*** ----> Bahrain Needs Regenerative Tourism | THE DAILY TRIBUNE | KINGDOM OF BAHRAIN

Bahrain Needs Regenerative Tourism

By Kota Sriraj

Situated in the heart of Arabian Gulf, Bahrain’s unique cultural heritage blended with modern infrastructure complimented by warm hospitality has helped the nation carve out a niche position on the international tourism map.

Bahrain’s historical significance dating back centuries, with a heritage that intertwines ancient civilisations, trade routes, and cultural influences has made it the sought-after destination for discerning tourists.

It is therefore no wonder that in the first half of 2023 the inbound tourist flow increased by 51%, reaching 5.9 million visitors as compared to the same period in 2022.

Given this accelerated tourist flow, the Kingdom has taken benchmarking measures to ensure that the the tourist load does not lead to infrastructural or environmental challenges.

As a part of this environmental consciousness, Bahrain has embraced sustainable eco-tourism practices and has made commendable progress in ensuring protection of delicate ecosystems of marine life and historical buildings from the daily pressure of tourist visits.

As a result, the tourists too can now explore natural wonders while contributing positively to their conservation.

But as the visitor numbers spiral, Bahrain needs to adopt futuristic measures that not only promote sustainable tourism but also ensure that tourists leave a positive impact on the destination.

Regenerative tourism is a relatively new concept that goes beyond sustainable tourism and talks about what the tourists can do to ensure positive impact on the destination they are visiting.

In contrast to sustainable tourism, Regenerative tourism goes a major step further by actively seeking to improve and restore ecosystems, communities, and cultures.

The regenerative approach aims to leave a positive impact, contributing to the well-being of destinations and fostering resilience.

It emphasises on the restoration and revitalisation of natural and cultural assets which is much needed given the stresses the tourist destinations are being subjected to.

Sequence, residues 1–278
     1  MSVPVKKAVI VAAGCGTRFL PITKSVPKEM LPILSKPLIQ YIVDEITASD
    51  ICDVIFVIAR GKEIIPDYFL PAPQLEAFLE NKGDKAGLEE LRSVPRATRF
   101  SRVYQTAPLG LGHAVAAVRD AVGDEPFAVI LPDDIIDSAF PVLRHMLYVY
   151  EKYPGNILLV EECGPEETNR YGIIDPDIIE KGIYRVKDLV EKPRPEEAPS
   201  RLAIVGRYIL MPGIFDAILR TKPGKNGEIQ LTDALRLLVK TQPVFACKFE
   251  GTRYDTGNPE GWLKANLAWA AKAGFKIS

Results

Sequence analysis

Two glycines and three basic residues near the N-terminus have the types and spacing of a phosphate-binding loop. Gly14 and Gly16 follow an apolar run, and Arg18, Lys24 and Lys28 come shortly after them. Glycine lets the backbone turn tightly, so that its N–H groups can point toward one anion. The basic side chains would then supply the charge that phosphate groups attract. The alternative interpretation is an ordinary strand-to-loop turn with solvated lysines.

In the best interests of dialling down the adverse impact of burgeoning tourism, Bahrain must combine sustainable tourism with Regenerative tourism.

This will not only minimise negative impact of tourist flow on the tourist destinations but will also actively contribute towards restoring and enhancing ecosystems.

Bahrain can utilise this concept to promote reforestation projects, provide impetus to habitat restoration initiatives and provide encouragement to other initiatives aimed at improving the overall health of natural environments.

Bahrain has a rich culture, art and crafts history which can receive immense preservation boost with the help of Regenerative tourism.

This can be done by actively contributing to the revitalisation of local cultures and supporting the traditional arts and crafts, promoting cultural exchanges, and actively engaging tourists in meaningful interactions with local communities.

This in turn can leave the tourists with an amazing immersive experience and in the process, help establish a new tourism benchmark for other nations to emulate.

Regenerative tourism is a vibrant new concept which can be Bahrain’s future of tourism.

(The views and opinions expressed in this article are those of the author and do not necessarily reflect the official policy or position of the Daily Tribune)